Why You're Hiring All Wrong
Before starting a new company, most founders write a business plan -- or at least a mission statement. They almost certainly determine how much capital they'll need. And many entrepreneurs decide on a few key positions they'll fill, once they get some funding.
Hardly anyone imagines the positions that a company's entire staff will hold five years down the road. Hardly anyone, that is, except Rene Larrave. To Larrave, hiring any employee without planning for his or her future is a drastic mistake. And it's a mistake that virtually all small companies make.
Six years ago Larrave and two friends began imagining their ideal company -- a fast-growing consulting firm that they could lead to booming success. The methodical cofounders dreamed up an apt name -- Tactica -- and set about planning it. Before they even opened the doors of their Dallas-based firm, they had charted the career paths of their not-yet-hired employees -- and developed the performance-review process that would lead all of their then mythical staffers to the next promotion. That process, now described in Tactica's Employee Atlas, included a five-level, 13-category system that spelled out every aspect of what a new hire must master to ascend from entry-level consultant to partner.
The cofounders' vision of a strict, predictable system was hardly surprising. Detailed promotional ladders are the linchpins of growth at the brand-name consulting companies where the three had previously worked. In any service business, Larrave says, predicting ahead of time the number and types of people who will be needed is the only way to grow profitably. His projections seem to have been accurate: by last November his company had revenues of $40 million and nearly 200 employees, virtually all at the levels that the cofounders had planned for them in 1996.
From the moment a new employee walked in the door, he or she learned how to get promoted. The Atlas detailed the expectations at each step on the road to partner -- consultant, associate, manager, and principal. In the technical-skills category, for example, entry-level consultants had to meet seven standards in order to win a promotion. "People use this kind of like a scorecard," explains Larrave.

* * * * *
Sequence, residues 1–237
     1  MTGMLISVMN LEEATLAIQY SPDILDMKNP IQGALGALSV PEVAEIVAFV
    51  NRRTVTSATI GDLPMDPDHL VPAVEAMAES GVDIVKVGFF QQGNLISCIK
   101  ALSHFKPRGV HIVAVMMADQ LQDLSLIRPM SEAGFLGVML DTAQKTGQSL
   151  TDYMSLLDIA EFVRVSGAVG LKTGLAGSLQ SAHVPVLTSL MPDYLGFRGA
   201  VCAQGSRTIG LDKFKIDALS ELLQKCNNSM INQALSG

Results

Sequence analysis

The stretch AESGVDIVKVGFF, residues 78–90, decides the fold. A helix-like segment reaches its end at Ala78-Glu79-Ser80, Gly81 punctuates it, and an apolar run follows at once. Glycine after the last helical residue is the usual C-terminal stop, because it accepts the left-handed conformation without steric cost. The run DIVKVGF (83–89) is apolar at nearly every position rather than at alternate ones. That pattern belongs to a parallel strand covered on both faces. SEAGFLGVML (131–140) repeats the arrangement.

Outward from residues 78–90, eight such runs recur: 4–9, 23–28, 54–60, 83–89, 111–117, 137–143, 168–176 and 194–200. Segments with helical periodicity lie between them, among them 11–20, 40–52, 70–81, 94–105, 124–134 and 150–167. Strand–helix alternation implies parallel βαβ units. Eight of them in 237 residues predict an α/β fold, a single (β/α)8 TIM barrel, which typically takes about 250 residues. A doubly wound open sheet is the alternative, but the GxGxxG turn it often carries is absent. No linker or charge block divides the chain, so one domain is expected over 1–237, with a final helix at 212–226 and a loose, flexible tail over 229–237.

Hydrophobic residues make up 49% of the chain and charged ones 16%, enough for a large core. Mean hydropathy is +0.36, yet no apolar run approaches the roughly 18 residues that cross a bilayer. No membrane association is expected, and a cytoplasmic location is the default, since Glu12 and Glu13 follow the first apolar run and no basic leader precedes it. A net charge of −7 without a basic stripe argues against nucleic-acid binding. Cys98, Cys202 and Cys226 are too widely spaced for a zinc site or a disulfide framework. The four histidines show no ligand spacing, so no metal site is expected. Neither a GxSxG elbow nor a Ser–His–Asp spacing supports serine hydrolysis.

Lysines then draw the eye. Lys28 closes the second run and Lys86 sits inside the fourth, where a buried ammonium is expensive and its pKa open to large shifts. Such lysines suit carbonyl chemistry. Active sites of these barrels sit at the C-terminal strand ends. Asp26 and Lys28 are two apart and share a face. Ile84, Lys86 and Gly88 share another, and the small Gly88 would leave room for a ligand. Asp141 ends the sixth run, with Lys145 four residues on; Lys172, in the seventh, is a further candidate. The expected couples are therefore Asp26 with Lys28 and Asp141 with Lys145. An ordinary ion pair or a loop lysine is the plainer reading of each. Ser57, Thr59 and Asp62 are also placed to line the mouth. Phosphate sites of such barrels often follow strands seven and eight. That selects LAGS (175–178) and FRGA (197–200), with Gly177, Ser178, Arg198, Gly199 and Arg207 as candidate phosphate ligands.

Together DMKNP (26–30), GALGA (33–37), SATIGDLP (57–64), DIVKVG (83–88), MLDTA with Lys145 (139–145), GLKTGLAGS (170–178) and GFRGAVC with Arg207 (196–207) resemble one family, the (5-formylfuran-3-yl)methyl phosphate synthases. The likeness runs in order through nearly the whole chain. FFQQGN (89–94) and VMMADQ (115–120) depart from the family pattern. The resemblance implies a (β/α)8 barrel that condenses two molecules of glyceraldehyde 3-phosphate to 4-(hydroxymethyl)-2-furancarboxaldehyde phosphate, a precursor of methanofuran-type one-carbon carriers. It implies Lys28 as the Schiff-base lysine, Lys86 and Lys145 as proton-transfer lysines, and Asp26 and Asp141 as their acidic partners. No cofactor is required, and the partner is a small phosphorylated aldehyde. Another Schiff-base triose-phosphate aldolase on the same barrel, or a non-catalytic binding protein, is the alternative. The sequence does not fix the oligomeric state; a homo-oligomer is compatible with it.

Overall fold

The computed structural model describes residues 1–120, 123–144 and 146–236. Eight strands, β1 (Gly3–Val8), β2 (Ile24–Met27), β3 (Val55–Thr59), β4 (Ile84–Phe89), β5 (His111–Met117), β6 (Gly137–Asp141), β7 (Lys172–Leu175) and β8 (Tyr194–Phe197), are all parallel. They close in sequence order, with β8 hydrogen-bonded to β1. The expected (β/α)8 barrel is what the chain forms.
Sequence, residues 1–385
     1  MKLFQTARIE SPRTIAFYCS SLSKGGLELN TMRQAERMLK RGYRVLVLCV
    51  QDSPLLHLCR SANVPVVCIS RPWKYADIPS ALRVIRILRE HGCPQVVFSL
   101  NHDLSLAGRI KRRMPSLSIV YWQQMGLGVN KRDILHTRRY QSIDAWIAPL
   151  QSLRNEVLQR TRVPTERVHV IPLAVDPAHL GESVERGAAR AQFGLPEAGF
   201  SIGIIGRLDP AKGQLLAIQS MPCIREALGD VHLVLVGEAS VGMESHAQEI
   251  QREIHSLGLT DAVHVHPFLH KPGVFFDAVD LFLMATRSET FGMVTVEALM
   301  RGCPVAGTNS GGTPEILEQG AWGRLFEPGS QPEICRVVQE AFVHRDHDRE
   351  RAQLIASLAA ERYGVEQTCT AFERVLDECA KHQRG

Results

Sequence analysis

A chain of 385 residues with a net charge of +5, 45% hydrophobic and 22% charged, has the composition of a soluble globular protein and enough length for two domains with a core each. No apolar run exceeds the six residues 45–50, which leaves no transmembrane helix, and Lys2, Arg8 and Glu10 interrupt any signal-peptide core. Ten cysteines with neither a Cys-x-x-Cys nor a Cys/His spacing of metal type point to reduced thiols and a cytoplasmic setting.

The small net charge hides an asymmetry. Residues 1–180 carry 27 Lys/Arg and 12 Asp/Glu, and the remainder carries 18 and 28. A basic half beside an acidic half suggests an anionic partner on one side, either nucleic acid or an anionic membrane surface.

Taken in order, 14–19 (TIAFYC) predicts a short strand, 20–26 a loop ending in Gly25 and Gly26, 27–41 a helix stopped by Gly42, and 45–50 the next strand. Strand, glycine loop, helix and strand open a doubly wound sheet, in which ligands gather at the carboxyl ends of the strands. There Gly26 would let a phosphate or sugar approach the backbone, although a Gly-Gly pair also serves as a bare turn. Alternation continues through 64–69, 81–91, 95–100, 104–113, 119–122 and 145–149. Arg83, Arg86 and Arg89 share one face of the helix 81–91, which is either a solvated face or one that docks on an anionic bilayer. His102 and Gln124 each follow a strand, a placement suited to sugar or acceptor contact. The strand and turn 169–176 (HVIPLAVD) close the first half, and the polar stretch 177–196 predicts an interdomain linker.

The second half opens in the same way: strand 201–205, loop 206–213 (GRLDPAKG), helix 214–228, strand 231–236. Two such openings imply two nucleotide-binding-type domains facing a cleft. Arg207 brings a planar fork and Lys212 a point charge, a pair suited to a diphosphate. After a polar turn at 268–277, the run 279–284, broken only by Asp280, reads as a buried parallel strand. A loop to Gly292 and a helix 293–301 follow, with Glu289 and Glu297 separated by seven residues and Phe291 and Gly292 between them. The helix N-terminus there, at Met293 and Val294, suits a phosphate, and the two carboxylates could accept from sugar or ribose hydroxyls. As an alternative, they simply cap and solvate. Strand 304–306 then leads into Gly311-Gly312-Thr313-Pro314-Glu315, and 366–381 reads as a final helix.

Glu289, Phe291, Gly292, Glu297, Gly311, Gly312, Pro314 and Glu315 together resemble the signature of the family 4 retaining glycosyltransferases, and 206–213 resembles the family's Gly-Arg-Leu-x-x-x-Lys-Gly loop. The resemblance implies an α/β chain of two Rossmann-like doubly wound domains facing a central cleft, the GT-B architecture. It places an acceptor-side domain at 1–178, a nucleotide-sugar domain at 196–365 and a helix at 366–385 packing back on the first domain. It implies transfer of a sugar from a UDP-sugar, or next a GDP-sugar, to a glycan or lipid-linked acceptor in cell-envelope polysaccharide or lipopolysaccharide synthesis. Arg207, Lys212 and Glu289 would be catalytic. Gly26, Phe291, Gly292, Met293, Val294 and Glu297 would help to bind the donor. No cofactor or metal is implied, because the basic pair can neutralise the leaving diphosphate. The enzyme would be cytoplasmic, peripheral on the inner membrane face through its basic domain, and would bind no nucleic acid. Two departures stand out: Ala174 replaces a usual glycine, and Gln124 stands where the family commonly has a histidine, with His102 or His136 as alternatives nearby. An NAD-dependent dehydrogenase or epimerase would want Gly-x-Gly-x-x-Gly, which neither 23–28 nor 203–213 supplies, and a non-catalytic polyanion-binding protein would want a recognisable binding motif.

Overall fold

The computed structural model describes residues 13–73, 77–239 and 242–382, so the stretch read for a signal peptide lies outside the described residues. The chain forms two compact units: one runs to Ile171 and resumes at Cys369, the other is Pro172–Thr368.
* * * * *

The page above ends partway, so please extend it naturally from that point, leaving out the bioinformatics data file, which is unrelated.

The evaluation process was equally clear. It began with a self-assessment, which the employee submitted to a randomly assigned reviewer (who was at least two levels senior to the reviewee). The reviewer compiled "360-degree feedback" from the person's peers and supervisors, wrote a review, and sent it to the employee, the human-resources department, and two review committees -- one consisting of consultants in local offices and the other including partners who reviewed principal and partner candidates. Finally, the committees determined compensation and promotion.
Many consulting companies perform such reviews annually. Tactica engaged in the painstaking process twice a year. "You cannot imagine how many hours we spend on this," says Larrave, with a laugh. But he insists that the system helped the company keep its annual turnover at about 5% in an industry with a notorious churn rate. "The type of people we want to attract are very driven, type A people, and achievement and progression through the ranks is important to them. It drives them. So having [the promotion plan] very well laid out is a critical piece of the value proposition for them," he explains.
In November, Experio Solutions, a $100-million consulting firm in Dallas, acquired Tactica. Experio was attracted to the smaller firm in part by its finely drawn promotions plan, claims Larrave. "There was a realization that [the Atlas] was a strong contributor to the culture and to the quality of our people, to their intensity, their passion, and to overall client satisfaction," he says. Now he and his new colleagues are building a framework that's even "bigger and better." And, presumably, even more tactical.
Kate O'Sullivan is a reporter at Inc.
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